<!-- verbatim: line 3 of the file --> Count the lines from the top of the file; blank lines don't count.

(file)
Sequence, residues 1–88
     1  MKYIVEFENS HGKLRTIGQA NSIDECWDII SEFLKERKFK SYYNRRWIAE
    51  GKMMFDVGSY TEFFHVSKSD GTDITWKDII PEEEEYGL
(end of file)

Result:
    51  GKMMFDVGSY TEFFHVSKSD GTDITWKDII PEEEEYGL